Crohn's disease is one type of condition in a broader disease category, called inflammatory bowel disease. Other types of inflammatory bowel disease include ulcerative colitis and irritable bowel syndrome. These disease are similar in that they all cause symptoms of diarrhea and inflammation. However, the conditions also vary greatly as to seriousness and impact on the body. Only a thorough evaluation by a qualified health care professional, such as a gastroenterologist, can determine what is causing your particular symptoms and make a diagnosis of Crohn's disease.Symptoms
Symptoms of Crohn's disease can run the gamut from mild to severe. Symptoms are due to the chronic inflammation of the gastrointestinal tract. They can include abdominal pain, cramps, and recurring bouts of diarrhea that may have blood or pus in it. Symptoms may also include bloody stool (melena), weight loss, poor appetite, malabsorption, malnutrition, fatigue, dehydration, and fever.
Chronic inflammation can lead to the formation of gastrointestinal ulcers. This can result in the formation of scar tissue that thickens and narrows the intestinal tract. Gastrointestinal ulcers can also become so deep that they result in the development of fistulas. Fistulas are abnormal holes between the gastrointestinal tract and other areas of the body such as the vagina, bladder and skin.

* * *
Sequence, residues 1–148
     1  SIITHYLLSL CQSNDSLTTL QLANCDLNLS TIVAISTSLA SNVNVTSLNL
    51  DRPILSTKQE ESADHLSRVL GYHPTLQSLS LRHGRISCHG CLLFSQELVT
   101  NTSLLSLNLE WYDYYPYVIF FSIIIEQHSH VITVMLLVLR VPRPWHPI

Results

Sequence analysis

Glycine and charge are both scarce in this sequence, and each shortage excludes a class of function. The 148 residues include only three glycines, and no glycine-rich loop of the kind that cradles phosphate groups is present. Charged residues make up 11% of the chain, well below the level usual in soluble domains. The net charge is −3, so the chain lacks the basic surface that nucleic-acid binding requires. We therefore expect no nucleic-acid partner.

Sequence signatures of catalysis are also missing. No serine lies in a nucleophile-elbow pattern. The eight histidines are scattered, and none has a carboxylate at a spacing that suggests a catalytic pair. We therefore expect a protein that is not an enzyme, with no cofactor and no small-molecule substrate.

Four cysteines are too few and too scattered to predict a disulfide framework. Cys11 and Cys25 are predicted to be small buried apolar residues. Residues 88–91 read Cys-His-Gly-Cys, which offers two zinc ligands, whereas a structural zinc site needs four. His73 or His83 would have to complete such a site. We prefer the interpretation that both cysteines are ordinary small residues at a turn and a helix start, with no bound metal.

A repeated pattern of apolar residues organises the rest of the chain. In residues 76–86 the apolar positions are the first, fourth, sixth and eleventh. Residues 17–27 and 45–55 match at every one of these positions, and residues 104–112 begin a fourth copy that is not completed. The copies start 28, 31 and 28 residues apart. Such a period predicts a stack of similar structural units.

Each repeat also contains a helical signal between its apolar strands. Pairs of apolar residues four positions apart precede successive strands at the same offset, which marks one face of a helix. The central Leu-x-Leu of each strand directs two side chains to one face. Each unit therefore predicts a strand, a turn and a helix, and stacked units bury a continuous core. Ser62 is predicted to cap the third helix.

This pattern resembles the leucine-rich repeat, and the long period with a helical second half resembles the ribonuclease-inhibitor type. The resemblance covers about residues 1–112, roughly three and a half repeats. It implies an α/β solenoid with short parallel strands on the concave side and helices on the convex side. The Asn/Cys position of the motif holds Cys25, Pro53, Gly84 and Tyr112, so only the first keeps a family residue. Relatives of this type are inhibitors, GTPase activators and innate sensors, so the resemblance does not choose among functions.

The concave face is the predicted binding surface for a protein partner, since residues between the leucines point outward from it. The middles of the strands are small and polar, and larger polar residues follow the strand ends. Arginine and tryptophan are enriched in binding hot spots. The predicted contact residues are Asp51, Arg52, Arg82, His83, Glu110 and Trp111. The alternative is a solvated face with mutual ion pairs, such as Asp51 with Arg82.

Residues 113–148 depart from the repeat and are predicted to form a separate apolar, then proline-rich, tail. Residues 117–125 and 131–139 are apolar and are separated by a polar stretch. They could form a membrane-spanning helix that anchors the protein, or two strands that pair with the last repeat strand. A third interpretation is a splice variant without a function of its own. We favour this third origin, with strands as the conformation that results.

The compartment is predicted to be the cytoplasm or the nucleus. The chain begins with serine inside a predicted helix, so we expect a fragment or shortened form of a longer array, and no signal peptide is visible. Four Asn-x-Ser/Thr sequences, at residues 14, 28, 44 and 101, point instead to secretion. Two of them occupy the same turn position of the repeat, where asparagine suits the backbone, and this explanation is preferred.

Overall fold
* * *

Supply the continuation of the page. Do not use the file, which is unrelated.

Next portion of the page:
Fistulas can easily become seriously infected, resulting in critical complications, such as peritonitis and shock. Other serious complications include, rectal bleeding, anemia, deteriorating bowel function, bowel obstruction, malnutrition and problems with growth in children. Crohn's disease can also increase the risk of getting colorectal cancer.Causes
Crohn's disease is an autoimmune disorder of unknown cause, although genetically susceptible individuals have a higher risk for developing Crohn's disease. Environmental agents are also thought to trigger the disease.Diagnostic tests
A complete evaluation and history and physical by a qualified health care professional will determine the type and severity of Crohn's disease you have and the most appropriate and effective treatment plan for you.
Diagnostic testing can include a complete blood count, which can help reveal if you are losing blood in your bowel movement and if you have become anemic (an abnormally low number of red blood cells). Radiological testing may include an upper GI series. This test takes X-ray pictures of your small intestine after you drink barium, a solution that helps to illuminate abnormalities in the small intestine. A sigmoidoscopy or colonoscopy may also be ordered. These tests allow a physician to see the linings of the intestines using a probe that sends picture to a computer screen. Treatments